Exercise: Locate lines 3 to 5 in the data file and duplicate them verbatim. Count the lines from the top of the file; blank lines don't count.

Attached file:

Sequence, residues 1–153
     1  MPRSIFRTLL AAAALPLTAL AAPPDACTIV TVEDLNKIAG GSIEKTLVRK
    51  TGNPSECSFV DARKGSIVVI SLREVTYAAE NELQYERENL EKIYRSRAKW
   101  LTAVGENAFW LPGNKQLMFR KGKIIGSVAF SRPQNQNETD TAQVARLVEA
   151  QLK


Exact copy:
    51  TGNPSECSFV DARKGSIVVI SLREVTYAAE NELQYERENL EKIYRSRAKW
   101  LTAVGENAFW LPGNKQLMFR KGKIIGSVAF SRPQNQNETD TAQVARLVEA
   151  QLK